The Olympic Truce gets an original guide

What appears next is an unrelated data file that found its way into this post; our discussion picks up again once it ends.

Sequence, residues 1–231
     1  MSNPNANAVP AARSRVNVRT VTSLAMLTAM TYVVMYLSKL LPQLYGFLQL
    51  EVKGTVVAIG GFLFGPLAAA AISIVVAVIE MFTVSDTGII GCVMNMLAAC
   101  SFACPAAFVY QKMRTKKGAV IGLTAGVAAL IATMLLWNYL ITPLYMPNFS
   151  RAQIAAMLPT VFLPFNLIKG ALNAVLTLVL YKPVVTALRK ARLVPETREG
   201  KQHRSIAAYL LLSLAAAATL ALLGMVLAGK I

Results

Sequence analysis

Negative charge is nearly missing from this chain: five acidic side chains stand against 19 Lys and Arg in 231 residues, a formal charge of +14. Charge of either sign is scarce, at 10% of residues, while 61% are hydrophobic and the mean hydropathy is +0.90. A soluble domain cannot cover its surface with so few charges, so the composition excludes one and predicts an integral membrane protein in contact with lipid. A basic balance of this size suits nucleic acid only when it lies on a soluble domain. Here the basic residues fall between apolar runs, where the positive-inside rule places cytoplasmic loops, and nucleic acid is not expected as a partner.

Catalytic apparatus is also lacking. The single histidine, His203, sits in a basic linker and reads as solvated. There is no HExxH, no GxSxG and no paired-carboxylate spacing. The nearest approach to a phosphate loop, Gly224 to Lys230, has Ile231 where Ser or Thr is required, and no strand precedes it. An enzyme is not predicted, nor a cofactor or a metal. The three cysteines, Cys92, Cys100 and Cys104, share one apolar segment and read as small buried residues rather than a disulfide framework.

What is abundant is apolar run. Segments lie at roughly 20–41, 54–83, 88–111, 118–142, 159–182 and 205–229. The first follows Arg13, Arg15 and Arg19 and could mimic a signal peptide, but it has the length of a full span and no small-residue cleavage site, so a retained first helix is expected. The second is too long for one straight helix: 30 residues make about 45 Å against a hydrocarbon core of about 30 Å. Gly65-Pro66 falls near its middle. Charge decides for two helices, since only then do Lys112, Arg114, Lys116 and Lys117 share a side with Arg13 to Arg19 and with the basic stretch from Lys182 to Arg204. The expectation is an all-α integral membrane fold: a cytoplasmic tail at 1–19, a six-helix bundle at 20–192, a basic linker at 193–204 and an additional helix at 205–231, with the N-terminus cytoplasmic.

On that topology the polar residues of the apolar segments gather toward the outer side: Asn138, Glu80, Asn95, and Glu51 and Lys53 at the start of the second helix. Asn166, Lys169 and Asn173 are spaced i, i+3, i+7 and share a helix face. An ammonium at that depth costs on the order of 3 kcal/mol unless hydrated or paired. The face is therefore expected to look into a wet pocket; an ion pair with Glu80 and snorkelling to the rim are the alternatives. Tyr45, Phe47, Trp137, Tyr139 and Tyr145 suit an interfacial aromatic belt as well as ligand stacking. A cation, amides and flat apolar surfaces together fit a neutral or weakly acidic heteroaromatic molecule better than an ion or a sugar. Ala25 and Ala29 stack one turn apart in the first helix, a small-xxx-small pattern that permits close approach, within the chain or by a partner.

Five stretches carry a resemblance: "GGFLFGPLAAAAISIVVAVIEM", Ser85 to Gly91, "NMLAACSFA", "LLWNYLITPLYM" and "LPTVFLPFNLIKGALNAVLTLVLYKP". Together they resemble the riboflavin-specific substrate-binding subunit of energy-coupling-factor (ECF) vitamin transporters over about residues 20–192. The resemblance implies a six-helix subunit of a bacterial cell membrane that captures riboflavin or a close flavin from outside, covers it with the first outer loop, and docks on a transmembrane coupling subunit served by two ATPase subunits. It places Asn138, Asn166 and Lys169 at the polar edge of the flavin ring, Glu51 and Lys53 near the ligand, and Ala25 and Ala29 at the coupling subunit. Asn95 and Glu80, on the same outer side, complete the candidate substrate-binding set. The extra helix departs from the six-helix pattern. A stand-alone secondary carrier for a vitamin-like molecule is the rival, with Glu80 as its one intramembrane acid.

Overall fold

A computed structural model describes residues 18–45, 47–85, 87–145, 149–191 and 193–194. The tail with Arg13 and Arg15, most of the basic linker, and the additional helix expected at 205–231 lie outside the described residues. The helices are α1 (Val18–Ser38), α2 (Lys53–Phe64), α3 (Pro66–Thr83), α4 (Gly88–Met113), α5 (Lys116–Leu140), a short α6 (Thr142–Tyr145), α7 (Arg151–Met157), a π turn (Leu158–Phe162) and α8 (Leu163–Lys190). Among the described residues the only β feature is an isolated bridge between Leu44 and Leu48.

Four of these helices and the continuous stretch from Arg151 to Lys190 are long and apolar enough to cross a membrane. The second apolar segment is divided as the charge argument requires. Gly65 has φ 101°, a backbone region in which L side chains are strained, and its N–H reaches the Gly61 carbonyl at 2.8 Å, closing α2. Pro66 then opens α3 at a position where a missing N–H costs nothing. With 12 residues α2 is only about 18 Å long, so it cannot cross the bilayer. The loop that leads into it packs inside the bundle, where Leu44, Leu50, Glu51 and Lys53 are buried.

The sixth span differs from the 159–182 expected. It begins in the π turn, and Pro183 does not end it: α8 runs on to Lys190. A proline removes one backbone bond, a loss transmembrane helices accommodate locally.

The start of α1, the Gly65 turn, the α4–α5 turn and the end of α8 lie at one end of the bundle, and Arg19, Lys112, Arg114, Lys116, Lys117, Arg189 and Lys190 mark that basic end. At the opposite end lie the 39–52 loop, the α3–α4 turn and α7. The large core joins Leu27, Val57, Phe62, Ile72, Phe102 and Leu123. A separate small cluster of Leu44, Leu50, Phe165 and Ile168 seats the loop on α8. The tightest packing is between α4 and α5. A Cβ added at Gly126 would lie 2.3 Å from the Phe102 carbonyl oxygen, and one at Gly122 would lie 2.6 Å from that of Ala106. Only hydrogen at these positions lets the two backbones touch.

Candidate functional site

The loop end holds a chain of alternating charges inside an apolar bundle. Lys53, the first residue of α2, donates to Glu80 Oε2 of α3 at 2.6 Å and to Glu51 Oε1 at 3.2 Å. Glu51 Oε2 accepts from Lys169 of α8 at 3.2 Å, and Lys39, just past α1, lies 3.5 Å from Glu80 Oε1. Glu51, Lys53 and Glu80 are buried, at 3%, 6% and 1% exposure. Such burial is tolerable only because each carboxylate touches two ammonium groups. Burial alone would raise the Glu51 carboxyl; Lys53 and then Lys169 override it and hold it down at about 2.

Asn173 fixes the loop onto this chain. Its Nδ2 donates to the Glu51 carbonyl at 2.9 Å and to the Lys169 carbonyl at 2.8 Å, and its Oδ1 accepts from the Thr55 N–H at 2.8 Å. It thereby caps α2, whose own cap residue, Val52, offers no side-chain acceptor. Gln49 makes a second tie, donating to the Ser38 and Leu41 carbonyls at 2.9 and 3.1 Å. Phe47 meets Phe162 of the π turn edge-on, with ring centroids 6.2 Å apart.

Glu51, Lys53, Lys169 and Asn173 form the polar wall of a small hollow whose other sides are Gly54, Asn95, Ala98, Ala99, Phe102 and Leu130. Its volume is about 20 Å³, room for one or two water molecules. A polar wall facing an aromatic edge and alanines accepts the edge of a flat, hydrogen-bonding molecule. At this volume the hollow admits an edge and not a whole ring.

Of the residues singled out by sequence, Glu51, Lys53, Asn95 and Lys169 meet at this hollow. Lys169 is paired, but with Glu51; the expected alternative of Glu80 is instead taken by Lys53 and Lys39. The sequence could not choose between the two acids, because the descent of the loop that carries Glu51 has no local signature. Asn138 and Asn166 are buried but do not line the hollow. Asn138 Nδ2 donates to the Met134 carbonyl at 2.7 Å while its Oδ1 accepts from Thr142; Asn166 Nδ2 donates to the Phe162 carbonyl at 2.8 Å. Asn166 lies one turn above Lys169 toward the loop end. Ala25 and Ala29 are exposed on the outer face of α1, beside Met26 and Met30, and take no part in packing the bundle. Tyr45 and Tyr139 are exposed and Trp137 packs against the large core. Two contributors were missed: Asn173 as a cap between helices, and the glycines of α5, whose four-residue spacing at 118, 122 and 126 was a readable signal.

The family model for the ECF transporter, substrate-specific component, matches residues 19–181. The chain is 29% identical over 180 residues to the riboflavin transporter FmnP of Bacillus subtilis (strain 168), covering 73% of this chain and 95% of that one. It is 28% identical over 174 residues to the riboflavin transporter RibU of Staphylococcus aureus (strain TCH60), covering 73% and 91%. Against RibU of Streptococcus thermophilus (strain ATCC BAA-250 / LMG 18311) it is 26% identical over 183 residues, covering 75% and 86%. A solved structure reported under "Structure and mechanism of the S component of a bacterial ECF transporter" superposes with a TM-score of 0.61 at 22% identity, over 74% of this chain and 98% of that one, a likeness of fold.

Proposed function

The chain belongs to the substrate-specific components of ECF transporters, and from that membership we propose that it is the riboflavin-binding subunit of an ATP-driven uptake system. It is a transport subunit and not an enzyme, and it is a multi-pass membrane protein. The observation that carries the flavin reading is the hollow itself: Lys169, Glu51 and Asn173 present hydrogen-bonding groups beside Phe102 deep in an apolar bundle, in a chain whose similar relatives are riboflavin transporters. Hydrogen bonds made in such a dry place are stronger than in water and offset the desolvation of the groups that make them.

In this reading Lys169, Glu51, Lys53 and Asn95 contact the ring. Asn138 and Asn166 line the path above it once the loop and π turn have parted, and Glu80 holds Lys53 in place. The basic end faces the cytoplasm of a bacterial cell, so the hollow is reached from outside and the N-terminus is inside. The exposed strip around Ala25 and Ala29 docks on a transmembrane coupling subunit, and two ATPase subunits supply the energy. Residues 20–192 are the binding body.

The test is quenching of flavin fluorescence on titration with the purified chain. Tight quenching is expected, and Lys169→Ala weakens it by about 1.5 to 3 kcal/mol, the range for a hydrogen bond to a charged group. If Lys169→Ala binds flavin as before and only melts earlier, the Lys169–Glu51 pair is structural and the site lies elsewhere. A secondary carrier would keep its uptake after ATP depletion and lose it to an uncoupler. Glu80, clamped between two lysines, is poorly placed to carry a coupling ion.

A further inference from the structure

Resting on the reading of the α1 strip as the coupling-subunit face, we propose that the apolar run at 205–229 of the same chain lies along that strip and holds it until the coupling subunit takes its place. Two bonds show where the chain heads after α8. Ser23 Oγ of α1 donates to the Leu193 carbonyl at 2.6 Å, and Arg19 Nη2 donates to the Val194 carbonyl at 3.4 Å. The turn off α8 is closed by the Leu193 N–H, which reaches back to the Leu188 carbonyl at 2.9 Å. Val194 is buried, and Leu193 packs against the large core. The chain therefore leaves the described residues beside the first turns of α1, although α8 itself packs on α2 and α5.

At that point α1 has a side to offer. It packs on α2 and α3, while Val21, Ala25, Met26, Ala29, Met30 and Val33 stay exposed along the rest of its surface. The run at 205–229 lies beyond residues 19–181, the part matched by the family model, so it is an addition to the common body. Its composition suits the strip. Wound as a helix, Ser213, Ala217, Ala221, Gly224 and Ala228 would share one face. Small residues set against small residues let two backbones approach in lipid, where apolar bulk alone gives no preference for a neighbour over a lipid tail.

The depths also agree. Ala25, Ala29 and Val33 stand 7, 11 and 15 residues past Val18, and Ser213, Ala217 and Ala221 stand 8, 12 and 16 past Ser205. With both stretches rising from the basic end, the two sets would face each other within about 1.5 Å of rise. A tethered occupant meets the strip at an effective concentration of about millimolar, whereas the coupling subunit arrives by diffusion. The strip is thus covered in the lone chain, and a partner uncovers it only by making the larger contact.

Hopes for lasting peace among nations may have died with the 1928 Kellogg-Briand Pact, but for peace in shorter spurts, and in the direct context of the Olympic Games, the dream certainly hasn’t breathed its last. Yesterday morning, a clutch of Olympic officials, including International Olympic Committee President (and International Truce Center Chairman) Jacques Rogge and Athens 2004 head Gianna Angelopoulos-Daskalaki, gathered for the official launch of a booklet and teaching aid designed to introduce schoolchildren worldwide to the ideals of Olympism, and specifically to one of the bedrocks of the ancient (and, increasingly, the modern) Games: the truce. For something whose origins are misty at best and whose scope probably changed over time, the Olympic Truce has been a remarkably durable institution, finding new life in the 1990s even as the Balkan conflicts raged. This collective agreement among ancient city-states to cease fighting during and around the Olympic Games originated, legend has it, as a trilateral arrangement sometime before 776 BC between King Iphitus of Elis (ancient Ileia), Cleosthenes of Pisa, and Lycurgus of Sparta, which added a political dimension to what was already a religious-cum-athletic event at Olympia. The idealistic – even if not the equally important practical – implications of the original truce are being promoted avidly in the context of the Athens 2004 Games. And its values are now explored for the younger set in colorful and appealing fashion in «The Truce Story: Educating About Peace Through Sport,» a new publication conceived and written by Rachel Howard, illustrated by Calliope Iconomacou and published by Dora Pallis that aims, as International Olympic Truce Center director Stavros Lambrinidis said, to impart the simple but powerful message to youngsters that «You can’t fight and play at the same time.» Utilizing fictional teen characters Irene (a refugee from the war-torn city of «Dead End,» which is divided by a wall) and Filon, the story artfully blends Greek myth, comic style, symbolism, modern-style political issues, and determinedly multiethnic figures Ali, Angelos, Indira and Wu, into a broader message about the importance of resolving conflict in a non-violent fashion and within the context of sport. The booklet, with reportedly up to 2 million copies being printed, comes in seven languages. Support from on high It was then possible to go into the foyer to sign a separate booklet advocating the truce; Nelson Mandela is among the luminaries whose signature appears (nobody else had even dared sign on the same page). Among those present, IOC member Thomas Sithole called the booklet and guide a valuable toolkit, and added that peace is easy to take for granted in less fractious parts of the world. Coming from Zimbabwe, he should know. Starting young, starting with the individual, and emphasizing the need for active intervention with young minds seem to be the overriding aims. The UN Educational, Scientific and Cultural Organization (UNESCO) under Director-General Koichiro Matsuura is intimately involved in promoting these initiatives and this work, as is the Institute for Olympic Education in Alberta, Canada. The former is already distributing the booklet within their network that will reach upward of 70 countries and encompass thousands of schools worldwide. The keynote speaker, George Papandreou, who apart from running for prime minister and serving as PASOK’s new president is also vice chairman of the Truce Center, called the center a «distant dream» when it was first mooted in 1998 and established just three years ago; now it’s «becoming a reality» even if fulfilling its aims resembles a «marathon.» The foundations, however, go back to 1992, when it was first proposed at the United Nations, and the General Assembly resolution of November 2003 (co-sponsored by 190 countries, it being hard to advocate publicly against world peace) is the latest such truce resolution. Papandreou also promised a «safe, secure, and successful Games» in 2004, preferring not to stray too far from current realities that have required a massive, un-truce-like security operation in Athens. The presentation also included video presentations of other inspiring stories, however loosely linked to the truce itself. These included Jesse Owens’s legendary long-jump duel with his German rival, Luz Long, at Berlin in 1936, and an intriguing (but politically very uncomfortable) Cold War romance at the 1956 Melbourne Games, between Harold Connolly, US gold medalist in the hammer throw, and Olga Fikotova, the Czech discus winner, which led to their marriage the following year. The divorce that ended the bond 16 years later was not, perhaps, the best metaphor for the long-term aims of the truce initiative («If we can stop fighting for 16 days, maybe we can do it forever»), but hope was still the operative feeling at the morning’s launch. «Peace begins at home; peace begins from within» was educator Deanna Binder’s apt summary of the effort, of which we shall surely hear much more – hopefully with some indication of justice as a necessary corollary to peace itself, and without which it means little.